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Will US PPI confirm downward trend for inflation?

multicoloured lines inflation graphs

European markets finished at their highest level in 2 months yesterday after US CPI surprised to the downside, and oil flows in the southern part of the Druzhba pipeline restarted after being closed down at the end of last week.  

US markets also underwent a strong session with the Nasdaq 100 leading the way higher, after US CPI fell to 8.5% in July, while core prices remained steady at 5.9%, a trend that has continued with strong gains in Asia markets, which look set to translate into a higher European open.

The bigger than expected fall in the headline number, along with the weaker than expected core reading, has prompted the hope that the Federal Reserve may not need to be as aggressive on rate hikes when it meets to raise rates in September.

Consequently, rate rise expectations have fallen from 75bps to 50bps, prompting a decline in US 2-year yields, though some of the fall in yields was pared back after Chicago Fed President Charles Evans played down the importance of a single CPI reading. He said he still expects to see the Fed Funds rate at 3.75% to 4% by the end of 2023.

By contrast Minneapolis Fed President Neel Kashkari wants to see the Fed Funds rate at 3.9% by year end, and 4.4% by the end of 2023. 

In essence the Federal Reserve is likely to want to see further evidence of an inflation slowdown, and even then, they will also want to see it fall back to half the level it is now.

This would suggest that any talk of rate cuts is premature, and in all likelihood for the rest of this year. Ultimately any slowdown in inflationary pressures needs to be viewed through a prism of whether we see rate hikes of 50bps or slower, post the September meeting.

To that end with recent weakness in prices paid data pointing to a similar slowdown in inflation, todays PPI numbers, which tend to be more forward looking are likely to be as important, if not more so when it comes to what’s coming from the next CPI number, which comes during the Fed blackout period, just before the September meeting.

In June US PPI unexpectedly jumped back to 11.3%, raising concerns that further inflationary pressure was building up in US supply chains.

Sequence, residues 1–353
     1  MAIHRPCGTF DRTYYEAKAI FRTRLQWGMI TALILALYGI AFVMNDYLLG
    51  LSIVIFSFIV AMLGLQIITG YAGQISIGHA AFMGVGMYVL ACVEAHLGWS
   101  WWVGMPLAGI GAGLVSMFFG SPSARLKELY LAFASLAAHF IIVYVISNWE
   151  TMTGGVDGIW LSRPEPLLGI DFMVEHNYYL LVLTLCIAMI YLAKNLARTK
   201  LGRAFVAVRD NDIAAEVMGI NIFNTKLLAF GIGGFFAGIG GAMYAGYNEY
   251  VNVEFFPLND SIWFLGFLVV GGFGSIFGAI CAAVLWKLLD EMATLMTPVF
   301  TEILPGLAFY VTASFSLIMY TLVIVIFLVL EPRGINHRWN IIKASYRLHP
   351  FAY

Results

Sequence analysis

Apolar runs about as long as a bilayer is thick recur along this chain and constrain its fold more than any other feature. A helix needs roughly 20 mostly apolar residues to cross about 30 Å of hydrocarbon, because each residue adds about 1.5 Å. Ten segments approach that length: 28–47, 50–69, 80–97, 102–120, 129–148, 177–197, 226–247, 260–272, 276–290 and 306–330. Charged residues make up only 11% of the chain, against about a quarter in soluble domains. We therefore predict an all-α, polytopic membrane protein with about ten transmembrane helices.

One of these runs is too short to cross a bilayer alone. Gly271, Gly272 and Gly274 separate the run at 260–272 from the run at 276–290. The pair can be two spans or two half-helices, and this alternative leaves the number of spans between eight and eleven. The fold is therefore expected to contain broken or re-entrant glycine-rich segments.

This jump in headline PPI was unexpected given that there had been little indication of such upward pressure in the equivalent prices paid numbers for the same month. This downward trend was repeated for the same prices paid numbers in July.

Unlike the headline numbers, core prices continued to fall away from their March peaks in June and it is expected this will continue in today’s July numbers.

Excluding food and energy, prices fell from 8.5% to 8.2% in June with the hope that this wider trend can continue into July, with an expectation of a fall to 7.7%.

There is some evidence that the June spike may have been a one-off given the sharp falls in prices paid numbers over the past two months.

Expectations are for headline PPI to fall back to 10.3%, from 11.3%.

The wider question for investors and markets in general is how much more can prices fall before finding a floor.

This is the more important question when it comes to inflationary pressures. Where is the new neutral rate, given its highly unlikely to be at 2.5% which is where Fed chair Jay Powell seems to think it is.

Weekly jobless claims are expected to continue rising in the latest numbers due to be released at the same time with 265k, up from 260k.  

EUR/USD – snapped up to 1.0370 and the 50-day MA before slipping back, thus keeping the downtrend intact the January highs. Pullbacks are now likely to find support around the 1.0270/80 area which acted as resistance through the middle part of July. Below 1.0260 targets 1.0150 

GBP/USD – tested the neckline of possible inverse H&S formation at 1.2280. A break through 1.2300 targets a move towards 1.2600. Interim support at the lows this week at 1.2030 and the 1.1980 area.

EUR/GBP – failed at the 0.8480 area, sliding back towards the 0.8400 area. Below 0.8400 targets the 0.8340 area.   

USD/JPY – having failed at the 135.60 area, we slid back below the 134.20 area, and cleared out a move towards 132.00. The next key support lies at cloud support at 131.60, with a close below here targeting the 130.20 area, and the lows this month. 


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